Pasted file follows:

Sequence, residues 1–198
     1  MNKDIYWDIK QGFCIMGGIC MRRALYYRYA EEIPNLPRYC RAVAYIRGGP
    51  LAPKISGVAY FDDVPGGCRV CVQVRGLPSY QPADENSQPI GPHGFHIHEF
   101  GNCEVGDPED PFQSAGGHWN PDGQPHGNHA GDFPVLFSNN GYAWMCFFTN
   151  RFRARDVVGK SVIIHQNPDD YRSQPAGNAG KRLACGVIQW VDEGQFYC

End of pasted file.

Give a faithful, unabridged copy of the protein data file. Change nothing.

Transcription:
Sequence, residues 1–198
     1  MNKDIYWDIK QGFCIMGGIC MRRALYYRYA EEIPNLPRYC RAVAYIRGGP
    51  LAPKISGVAY FDDVPGGCRV CVQVRGLPSY QPADENSQPI GPHGFHIHEF
   101  GNCEVGDPED PFQSAGGHWN PDGQPHGNHA GDFPVLFSNN GYAWMCFFTN
   151  RFRARDVVGK SVIIHQNPDD YRSQPAGNAG KRLACGVIQW VDEGQFYC